Tropical Storm Alex
The name Alex has been used for a total of 11 tropical cyclones worldwide: Four in the Atlantic Ocean, four in the West Pacific Ocean and three in the South Indian Ocean.
North Atlantic Ocean:
- Tropical Storm Alex (1998), a weak storm that never affected land.
- Hurricane Alex (2004), a Category 2 hurricane that came within 10 miles (16 km) of the Outer Banks of North Carolina, then strengthened to Category 3 once clear of land.
- Hurricane Alex (2010), a Category 2 hurricane that made landfall in Belize as a tropical storm and passed over the Yucatán Peninsula before making landfall in Tamaulipas, Mexico, at maximum intensity.
- Hurricane Alex (2016), a rare Category 1 hurricane that formed in mid-January, made landfall in the Azores causing heavy rainfall and gusty winds.
The name replaced Andrew which was retired after the 1992 season.
Western Pacific Ocean:
- Tropical Storm Alex (1980) (T8020, 24W), a short-lived tropical storm that formed to the north of Iwo Jima
- Typhoon Alex (1984) (T8403, 03W, Biring), a Category 1 typhoon that passed north over Taiwan before dissipating over South Korea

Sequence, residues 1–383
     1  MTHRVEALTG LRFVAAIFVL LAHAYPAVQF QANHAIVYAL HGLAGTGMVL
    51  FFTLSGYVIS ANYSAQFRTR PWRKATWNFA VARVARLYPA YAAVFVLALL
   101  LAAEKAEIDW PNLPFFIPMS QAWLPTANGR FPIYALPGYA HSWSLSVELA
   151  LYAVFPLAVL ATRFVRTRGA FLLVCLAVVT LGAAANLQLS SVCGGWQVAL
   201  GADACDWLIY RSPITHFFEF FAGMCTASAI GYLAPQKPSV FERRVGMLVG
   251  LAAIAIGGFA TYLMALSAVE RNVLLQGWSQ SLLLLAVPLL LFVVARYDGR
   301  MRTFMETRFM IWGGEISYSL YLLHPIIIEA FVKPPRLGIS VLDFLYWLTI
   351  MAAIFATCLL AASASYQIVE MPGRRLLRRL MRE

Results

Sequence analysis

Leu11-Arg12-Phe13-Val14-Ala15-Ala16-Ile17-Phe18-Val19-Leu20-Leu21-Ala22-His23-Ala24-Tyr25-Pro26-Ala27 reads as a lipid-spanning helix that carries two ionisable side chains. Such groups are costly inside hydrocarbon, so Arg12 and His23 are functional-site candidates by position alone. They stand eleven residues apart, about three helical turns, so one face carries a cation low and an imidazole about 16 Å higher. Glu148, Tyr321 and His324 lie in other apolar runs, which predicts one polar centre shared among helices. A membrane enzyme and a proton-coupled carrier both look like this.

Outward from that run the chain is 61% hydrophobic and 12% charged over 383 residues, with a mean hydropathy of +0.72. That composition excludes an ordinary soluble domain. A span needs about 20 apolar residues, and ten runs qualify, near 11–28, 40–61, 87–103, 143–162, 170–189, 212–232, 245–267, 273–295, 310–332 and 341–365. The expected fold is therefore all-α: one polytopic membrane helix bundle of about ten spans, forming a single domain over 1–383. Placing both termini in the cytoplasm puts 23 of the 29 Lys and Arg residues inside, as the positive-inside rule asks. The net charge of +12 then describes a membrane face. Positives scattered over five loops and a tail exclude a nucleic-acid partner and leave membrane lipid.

- Typhoon Alex (1987) (T8708, 08W, Etang), a minimal typhoon that brushed north Taiwan before striking mainland China; caused little damage from the typhoon, but its remnants contributed to some significant flooding in Korea
- Tropical Storm Alex (1998/Pacific) (19W), a weak tropical storm that formed to the east of the Philippines before it was absorbed by the more powerful Typhoon Zeb; Japan Meteorological Agency analyzed it as a tropical depression, not as a tropical storm
South Indian Ocean:
- Cyclone Alex (1981), stayed well out to sea and did not approach any land
- Cyclone Alex (1990), a Category 5 cyclone (on the Australian scale) that formed in the Timor Sea and moved to the southwest without approaching land
- Cyclone Alex (2001), a tropical storm that formed to the north of the Cocos (Keeling) Islands before passing west of 90°E, when it was renamed Andre
|This article includes a list of named storms that share the same name (or similar names).
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